In various contexts, I have come across results referred to as "big monodromy." A standard arithmetic example is the open image theorem for the image of Galois action on non-CM elliptic curves. A general setup for such a result in algebraic geometry is:

Given a proper, generically smooth map $\pi:X \rightarrow S$ of relative dimension d, say S is connected. This gives rise to an $l$-adic representations of the etale fundamental group $\pi_1(U)$ where $U$ is smooth locus of $\pi$ corresponding to higher pushforward $R^d \pi_* Q_l$. One might say it has "big monodromy" if the Zariski closure of the image is as big as it can be given that it has to respect cup-product, etc.

My specific question is what are the geometric consequences of big monodromy? If we know such a result for $\pi$, what does that say about the geometry of the fibration or at the very least is there geometric intuition for what it should mean?

I welcome intuition from number theory, algebraic geometry, or complex geometry.

I have also heard that "one should expect big monodromy unless there is a reason not to" (for example, complex multiplication). What are other examples of things which inhibit big monodromy?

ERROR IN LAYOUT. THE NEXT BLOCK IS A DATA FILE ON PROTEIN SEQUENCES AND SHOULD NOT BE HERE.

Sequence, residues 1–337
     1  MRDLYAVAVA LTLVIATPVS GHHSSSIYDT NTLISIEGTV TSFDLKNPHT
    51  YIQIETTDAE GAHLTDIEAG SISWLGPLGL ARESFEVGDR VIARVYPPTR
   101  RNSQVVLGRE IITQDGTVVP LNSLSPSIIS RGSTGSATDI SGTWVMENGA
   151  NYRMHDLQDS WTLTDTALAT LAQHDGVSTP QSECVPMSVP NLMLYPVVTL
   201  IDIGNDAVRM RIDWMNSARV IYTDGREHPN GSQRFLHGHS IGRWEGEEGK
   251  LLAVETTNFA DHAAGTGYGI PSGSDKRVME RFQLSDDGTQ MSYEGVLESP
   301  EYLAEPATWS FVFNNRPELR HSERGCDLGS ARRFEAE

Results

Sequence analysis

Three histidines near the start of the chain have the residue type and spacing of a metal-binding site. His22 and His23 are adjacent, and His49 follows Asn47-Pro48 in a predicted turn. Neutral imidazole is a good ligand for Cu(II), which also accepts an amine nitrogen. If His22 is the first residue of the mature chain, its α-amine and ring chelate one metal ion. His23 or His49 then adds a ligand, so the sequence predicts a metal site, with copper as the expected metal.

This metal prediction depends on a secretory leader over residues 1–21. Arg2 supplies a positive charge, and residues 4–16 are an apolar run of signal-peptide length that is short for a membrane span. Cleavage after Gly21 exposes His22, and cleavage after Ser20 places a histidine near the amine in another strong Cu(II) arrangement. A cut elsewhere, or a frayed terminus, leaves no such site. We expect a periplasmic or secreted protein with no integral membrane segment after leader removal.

1 Answer 1


I found this question a little vague, but let me at least remark on "other examples of things which inhibit big monodromy." Mumford gives an example in section 4 of

D. Mumford, “A note of Shimura’s paper “Discontinuous groups and abelian varieties”,” Math. Ann. 181 (1969), 345–351.

of an abelian variety A whose Galois representation has image strictly smaller than Sp_{2g}(Z_p), despite the fact that End(A) = Z. The keyword to look up is "Mumford-Tate group", which is in some sense the answer to the question

How big COULD the Galois representation on an abelian variety be, subject to all geometric 'things which inhibit big monodromy'?

Reference comes from a paper of Chris Hall which shows how to prove big monodromy results in many cases.


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